Ear infections in children

Young children are very often plagued with ear infections as their Eustachian tubes are comparatively small. Many times this continues into their teen years. Ear infections can keep the ear canal from draining properly and can result in moisture collecting near the tympanic membrane (eardrum).

The common practice of most family doctors is to introduce a regimen of oral, systemic antibiotics. Many times this is the first time that children are prescribed antibiotics. However, this systemic antibiotic treatment is an oral dosing and the result is the antibiotic is distributed throughout the entire body, although it is only needed to treat the small local infection in the ear canal.

The Ear Canal

This is the wrong antimicrobial and it does not effectively target the right location of the infection. The result is that the entire body is adversely and unnecessarily affected by the antibiotic when the problem is localized to the ear canal. While this generally proves effective in one or two days, the systemic impact of a four to five day course of antibiotics on a small child can be problematic and negative both near-term and long-term.

Wrong antimicrobial for fungal-bacterial infection

It is important to understand and appreciate why we believe that antibiotics are the wrong antimicrobial to consider since there are better proven natural and organic treatments with fewer side effects.

Ear infections are usually caused by a symbiotic relationship between a fungus and bacteria.

The moist inner ear is the perfect habitat for fungus. The fungus grows on the surface of the tissues. Bacteria that are picked up (usually from a water environment) settle into the colony of fungus. The fungus break down starch in the area into sugars and the bacteria feed on the sugars.

The fungus forms an insulating layer between the bacteria and the body and so the antibiotics (which are coursing through the blood in the entire body) have a very difficult time reaching the bacteria in order to kill them. The layer of fungus gets in the way.

Further compounding this problem is the fact that antibiotics don’t kill fungus. In fact, they don’t harm them at all. The bottom line is that oral antibiotics traveling through the child’s entire body have a hard time reaching the bacteria that they can kill in the ear and don’t do anything to kill the fungus.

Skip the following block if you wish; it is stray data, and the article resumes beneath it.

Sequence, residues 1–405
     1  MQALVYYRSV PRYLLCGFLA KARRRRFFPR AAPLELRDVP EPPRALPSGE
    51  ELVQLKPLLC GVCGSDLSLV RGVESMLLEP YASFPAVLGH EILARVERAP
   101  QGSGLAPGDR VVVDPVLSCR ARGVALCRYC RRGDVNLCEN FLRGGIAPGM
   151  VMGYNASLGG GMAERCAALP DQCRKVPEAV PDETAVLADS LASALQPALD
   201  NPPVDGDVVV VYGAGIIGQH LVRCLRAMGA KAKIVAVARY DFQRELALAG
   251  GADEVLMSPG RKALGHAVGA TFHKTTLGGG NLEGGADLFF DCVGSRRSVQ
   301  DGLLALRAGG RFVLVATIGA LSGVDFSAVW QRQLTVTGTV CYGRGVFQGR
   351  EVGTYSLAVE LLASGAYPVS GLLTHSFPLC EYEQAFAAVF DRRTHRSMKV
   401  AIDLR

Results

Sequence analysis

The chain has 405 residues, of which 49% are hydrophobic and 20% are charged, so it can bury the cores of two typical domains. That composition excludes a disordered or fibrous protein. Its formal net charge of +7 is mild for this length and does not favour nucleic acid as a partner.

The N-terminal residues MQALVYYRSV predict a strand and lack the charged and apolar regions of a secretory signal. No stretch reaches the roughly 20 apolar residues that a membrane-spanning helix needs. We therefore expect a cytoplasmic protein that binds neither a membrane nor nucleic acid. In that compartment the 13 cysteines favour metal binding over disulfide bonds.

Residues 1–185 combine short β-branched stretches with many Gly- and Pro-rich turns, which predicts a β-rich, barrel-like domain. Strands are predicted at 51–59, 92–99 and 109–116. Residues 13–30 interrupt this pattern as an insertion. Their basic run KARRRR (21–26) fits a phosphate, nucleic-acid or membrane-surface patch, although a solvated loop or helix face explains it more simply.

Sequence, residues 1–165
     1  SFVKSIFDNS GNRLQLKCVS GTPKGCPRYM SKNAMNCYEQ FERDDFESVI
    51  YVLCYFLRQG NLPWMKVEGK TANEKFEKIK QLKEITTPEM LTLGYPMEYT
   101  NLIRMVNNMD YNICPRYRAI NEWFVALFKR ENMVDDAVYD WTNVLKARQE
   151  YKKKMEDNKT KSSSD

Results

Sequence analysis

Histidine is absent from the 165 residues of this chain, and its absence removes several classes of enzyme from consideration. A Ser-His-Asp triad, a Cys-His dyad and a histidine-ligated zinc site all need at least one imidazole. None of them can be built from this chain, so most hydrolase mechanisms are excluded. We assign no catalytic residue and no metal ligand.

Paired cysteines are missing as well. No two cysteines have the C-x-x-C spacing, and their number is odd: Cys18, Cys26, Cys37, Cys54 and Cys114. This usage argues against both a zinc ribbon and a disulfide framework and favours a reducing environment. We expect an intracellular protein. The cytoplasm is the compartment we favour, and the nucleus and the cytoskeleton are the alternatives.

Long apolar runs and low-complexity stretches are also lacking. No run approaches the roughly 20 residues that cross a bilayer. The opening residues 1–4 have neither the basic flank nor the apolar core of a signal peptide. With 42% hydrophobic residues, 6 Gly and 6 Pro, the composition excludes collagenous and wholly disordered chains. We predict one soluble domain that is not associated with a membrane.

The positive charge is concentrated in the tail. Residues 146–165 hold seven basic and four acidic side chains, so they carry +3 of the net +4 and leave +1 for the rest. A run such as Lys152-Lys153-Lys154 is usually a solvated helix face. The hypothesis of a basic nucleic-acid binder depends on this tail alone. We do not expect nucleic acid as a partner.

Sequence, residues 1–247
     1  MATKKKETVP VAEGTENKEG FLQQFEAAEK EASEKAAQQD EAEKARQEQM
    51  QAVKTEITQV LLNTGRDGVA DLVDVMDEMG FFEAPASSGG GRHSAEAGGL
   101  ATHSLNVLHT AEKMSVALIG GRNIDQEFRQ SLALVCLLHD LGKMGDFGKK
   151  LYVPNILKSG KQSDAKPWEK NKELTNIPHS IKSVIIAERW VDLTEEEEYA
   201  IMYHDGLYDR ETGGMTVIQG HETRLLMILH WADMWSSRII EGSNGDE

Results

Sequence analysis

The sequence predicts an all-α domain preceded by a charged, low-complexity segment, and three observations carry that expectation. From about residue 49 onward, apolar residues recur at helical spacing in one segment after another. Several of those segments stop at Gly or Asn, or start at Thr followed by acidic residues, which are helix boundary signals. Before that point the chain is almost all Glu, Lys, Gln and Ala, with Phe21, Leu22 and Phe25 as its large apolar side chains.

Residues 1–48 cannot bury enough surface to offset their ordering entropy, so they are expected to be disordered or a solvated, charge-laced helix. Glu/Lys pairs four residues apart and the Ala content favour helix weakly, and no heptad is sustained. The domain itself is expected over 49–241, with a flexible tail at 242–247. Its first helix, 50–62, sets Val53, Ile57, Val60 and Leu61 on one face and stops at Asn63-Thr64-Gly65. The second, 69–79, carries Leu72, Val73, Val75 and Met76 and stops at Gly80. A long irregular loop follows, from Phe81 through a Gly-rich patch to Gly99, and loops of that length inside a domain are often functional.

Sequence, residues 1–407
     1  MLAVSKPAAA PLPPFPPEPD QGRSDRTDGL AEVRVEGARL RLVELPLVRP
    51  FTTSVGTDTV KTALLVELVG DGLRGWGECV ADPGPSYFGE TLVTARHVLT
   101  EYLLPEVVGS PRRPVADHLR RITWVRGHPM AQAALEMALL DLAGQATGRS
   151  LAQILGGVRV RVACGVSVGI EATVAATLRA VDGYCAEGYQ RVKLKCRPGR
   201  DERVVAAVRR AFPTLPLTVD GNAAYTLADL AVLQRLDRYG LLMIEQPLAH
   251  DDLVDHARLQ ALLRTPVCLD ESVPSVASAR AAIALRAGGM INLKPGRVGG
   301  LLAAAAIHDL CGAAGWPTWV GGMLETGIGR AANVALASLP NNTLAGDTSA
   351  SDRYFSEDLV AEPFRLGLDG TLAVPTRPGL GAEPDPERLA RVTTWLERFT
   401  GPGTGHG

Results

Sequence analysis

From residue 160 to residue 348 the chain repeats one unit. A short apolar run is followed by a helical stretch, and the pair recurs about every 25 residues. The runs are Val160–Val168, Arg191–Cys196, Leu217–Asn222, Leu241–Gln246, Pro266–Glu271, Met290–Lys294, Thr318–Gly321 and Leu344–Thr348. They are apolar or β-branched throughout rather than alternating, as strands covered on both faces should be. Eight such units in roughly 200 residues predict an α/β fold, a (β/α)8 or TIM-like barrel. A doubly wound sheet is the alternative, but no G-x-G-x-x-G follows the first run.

Even if some of the bacteria are finally killed with the antibiotics, the fungus still remains in place shielding the bacteria that has not been effectively targeted or killed. The surviving bacteria will generally cause the infection to return again when the child is exposed to a wet environment such as a pool or lake.

Until both the bacteria and the fungus are properly treated, the infection will return and the blood borne antibiotics are a temporary solution at best. Parents too often complain that their child’s ear infections return and antibiotics are again re-introduced as a solution that does not completely solve the problem and does not directly target the infection.

Their next step too often is to allow the doctor to cut holes in their child’s eardrums so that they can more effectively drain and dry enough to finally kill the fungus. Fortunately, there is a better way that is both safer and more effective.

Correct solution to ear infections

Instead of giving the antimicrobial orally for a condition that is localized to the ear canal, we believe that the active agent should be put directly into the ear.

Furthermore, the active agent must be one that can kill both the fungus and the bacteria. This is the only treatment that both makes sense and is most effective.

An enhanced aqueous silver colloid of sufficient concentration (greater than 30 ppm) can be administered directly into the ears.

Since silver colloids take some time to kill, it is a good idea to have the child lay on their side and read or watch TV. When the child is still, place a dropperful into the ear and let it sit there for 20 minutes.

If the infection is in both ears, after the solutions has settled in the first ear (20 minutes), roll the child over onto the other side and repeat the treatment in the other ear.

This usually only needs to be done twice in both ears in separate treatments a couple of hours apart. When completed, dry the ears gently with a hair dryer on the lowest heat setting. This is simple and not dangerous or painful.

By using this procedure of treatment, you are addressing the whole problem (killing both the bacteria and fungus) in a more effective manner that places the active agent directly into the infected area.

The active agent that we suggest for use is Nature’s Rite Digestive and Urinary Tonic. You can also use Nature’s Rite Sinus Relief or Super Neti Juice. These are both just as effective.

In fact, the dropper that comes in the Super Neti Juice is an excellent means of administering the colloid directly and safely into the ear.

Keeping the ears free from wax buildup with a wax dissolving kit is also suggested as an excellent prophylactic measure. Clean ears are healthy ears, especially in young children.